Asian shares slipped on Friday as fears about the COVID-19 outbreak once again dominated financial markets.
The TAIEX fell 1.68 percent to 11,321.81 in Taipei, rising 0.26 percent from Thursday last week.
Japan’s benchmark Nikkei 225 dove 2.7 percent to finish at 20,749.75, down 1.9 percent weekly, while the TOPIX fell 2.9 percent to 1,471.46, down 2.6 percent for the week.
India’s SENSEX fell 2.32 percent on Friday, down 1.9 percent for the week, and the NIFTY 50 lost 2.5 percent for the day, also falling 1.9 percent weekly.
The Philippines Stock Exchange Index slipped 1.66 percent on Friday, down 0.3 percent for the week.
The Kuala Lumpur Composite Index on Friday fell 0.5 percent, virtually unchanged for the week.
Australia’s S&P/ASX 200 lost 2.8 percent to 6,216.20 on Friday, bringing its weekly loss to 3.5 percent.
South Korea’s KOSPI on Friday dropped 2.2 percent to 2,040.22, but was up 2.68 percent for the week.
The Shanghai Composite skidded 1.2 percent to 3,034.51, jumping 5.4 percent for the week. The index has rallied nearly 12 percent since scraping bottom on Feb. 3.
The Hang Seng Index (HSI) fell 2.3 percent to 26,146.67 on Friday, while the China Enterprises Index (HSCE) fell 2.5%, to 10,456.93 points.
For the week, the HSI added 0.1 percent, while HSCE, an index tracking Hong Kong-listed mainland firms, gained 1.5 percent as investors welcomed Beijing’s latest supportive measures and expected further stimulus to bolster China’s economy.
Friday’s declines came after a sharp selloff overnight on Wall Street, as large swings in the market continued amid uncertainty over the spread of the coronavirus and its economic fallout.
Vishnu Varathan, head of economics and strategy at Mizuho Bank Ltd in Singapore, said the potential damage from the virus was twofold, with the initial effect coming from a direct impact on the economy.
“One succumbs to the sheer fear of community spread, prospects of deep economic impact from a sharp drop-off in demand for travel and seizures in supply chains,” Varathan said in a commentary.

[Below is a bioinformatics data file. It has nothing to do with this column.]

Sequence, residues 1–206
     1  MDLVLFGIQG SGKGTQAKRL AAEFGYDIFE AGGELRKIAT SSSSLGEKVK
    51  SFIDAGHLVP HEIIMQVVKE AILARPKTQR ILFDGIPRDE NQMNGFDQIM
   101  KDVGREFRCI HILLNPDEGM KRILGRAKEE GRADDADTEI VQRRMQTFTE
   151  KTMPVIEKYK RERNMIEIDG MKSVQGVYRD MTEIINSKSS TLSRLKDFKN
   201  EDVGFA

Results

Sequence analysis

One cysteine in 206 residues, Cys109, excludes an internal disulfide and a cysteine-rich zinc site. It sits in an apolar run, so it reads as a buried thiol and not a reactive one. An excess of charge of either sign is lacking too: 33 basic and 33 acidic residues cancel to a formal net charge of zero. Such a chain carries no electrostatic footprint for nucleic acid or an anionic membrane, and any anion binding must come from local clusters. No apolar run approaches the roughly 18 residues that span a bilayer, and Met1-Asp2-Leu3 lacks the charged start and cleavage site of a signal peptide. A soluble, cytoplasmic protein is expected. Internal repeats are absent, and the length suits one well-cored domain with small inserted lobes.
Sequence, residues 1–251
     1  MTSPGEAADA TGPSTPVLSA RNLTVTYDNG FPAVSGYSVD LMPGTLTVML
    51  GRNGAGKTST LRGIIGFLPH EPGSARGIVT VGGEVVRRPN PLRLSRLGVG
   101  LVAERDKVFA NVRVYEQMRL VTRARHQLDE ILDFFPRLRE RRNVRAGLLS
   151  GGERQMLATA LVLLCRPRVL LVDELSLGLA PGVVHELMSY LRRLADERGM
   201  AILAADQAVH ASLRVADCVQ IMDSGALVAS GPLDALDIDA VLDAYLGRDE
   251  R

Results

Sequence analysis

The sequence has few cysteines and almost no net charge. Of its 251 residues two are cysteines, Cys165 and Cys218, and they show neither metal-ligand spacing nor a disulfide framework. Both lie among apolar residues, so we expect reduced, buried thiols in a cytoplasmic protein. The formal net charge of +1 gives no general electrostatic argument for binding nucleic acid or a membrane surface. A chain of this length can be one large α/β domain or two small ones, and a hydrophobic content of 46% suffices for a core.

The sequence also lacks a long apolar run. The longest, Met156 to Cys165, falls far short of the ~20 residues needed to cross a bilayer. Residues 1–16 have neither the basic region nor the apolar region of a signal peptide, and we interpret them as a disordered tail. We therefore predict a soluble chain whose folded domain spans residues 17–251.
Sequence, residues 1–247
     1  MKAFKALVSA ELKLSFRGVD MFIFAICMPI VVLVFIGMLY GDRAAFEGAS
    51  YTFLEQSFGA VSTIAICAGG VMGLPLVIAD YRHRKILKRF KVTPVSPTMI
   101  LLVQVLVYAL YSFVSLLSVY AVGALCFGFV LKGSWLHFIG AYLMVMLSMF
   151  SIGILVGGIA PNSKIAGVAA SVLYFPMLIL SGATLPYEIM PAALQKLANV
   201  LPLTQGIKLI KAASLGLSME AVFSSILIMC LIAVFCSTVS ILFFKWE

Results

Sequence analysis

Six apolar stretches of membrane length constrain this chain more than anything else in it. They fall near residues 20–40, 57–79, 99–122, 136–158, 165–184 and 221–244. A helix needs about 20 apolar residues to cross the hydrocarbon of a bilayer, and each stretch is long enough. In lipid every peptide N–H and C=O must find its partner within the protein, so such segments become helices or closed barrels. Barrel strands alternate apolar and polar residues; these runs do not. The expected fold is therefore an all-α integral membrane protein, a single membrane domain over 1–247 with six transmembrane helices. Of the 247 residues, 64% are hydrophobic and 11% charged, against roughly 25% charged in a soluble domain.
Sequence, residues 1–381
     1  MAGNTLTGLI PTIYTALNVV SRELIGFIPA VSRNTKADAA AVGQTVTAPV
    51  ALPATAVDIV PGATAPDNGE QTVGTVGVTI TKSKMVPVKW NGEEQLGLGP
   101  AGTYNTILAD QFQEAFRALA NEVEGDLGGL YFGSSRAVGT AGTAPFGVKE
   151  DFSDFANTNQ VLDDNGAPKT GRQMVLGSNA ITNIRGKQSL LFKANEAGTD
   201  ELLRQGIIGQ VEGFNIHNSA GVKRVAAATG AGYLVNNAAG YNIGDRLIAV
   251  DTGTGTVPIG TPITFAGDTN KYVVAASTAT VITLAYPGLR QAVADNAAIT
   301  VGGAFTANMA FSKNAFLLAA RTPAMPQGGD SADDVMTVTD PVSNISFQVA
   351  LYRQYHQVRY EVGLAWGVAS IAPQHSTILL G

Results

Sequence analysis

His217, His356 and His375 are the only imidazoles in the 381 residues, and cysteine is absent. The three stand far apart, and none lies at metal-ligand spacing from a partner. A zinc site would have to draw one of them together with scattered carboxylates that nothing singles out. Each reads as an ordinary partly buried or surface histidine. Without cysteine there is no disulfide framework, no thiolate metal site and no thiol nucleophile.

“The other is a strain that thrives on hopes of stimulus; be it frantic central bank rate cuts, the lull of liquidity infusions or more targeted fiscal offsets to provide pain relief,” he said.
LACK OF CLARITY
“All we know now is that we don’t really understand what’s going to happen next,” Marketfield Asset Management LLC chairman and chief executive officer Michael Shaoul told Bloomberg TV.
“It’s probably four, six, eight weeks before we’re going to have any useful information as to what the trajectory of the virus is and what the actual economic fallout looks like,” he said.
Risk assets have whipsawed this week, with traders on edge amid a rise in virus cases, governments extending quarantines and travel restrictions, and a slew of company warnings on the impact to earnings.
Global equities have recovered some of the recent losses, but they still remain about 10 percent below the all-time high reached last month.
The vicious swings are likely to continue as long as the number of new infections continues to accelerate, analysts and professional investors have said.
Additional reporting by staff writer
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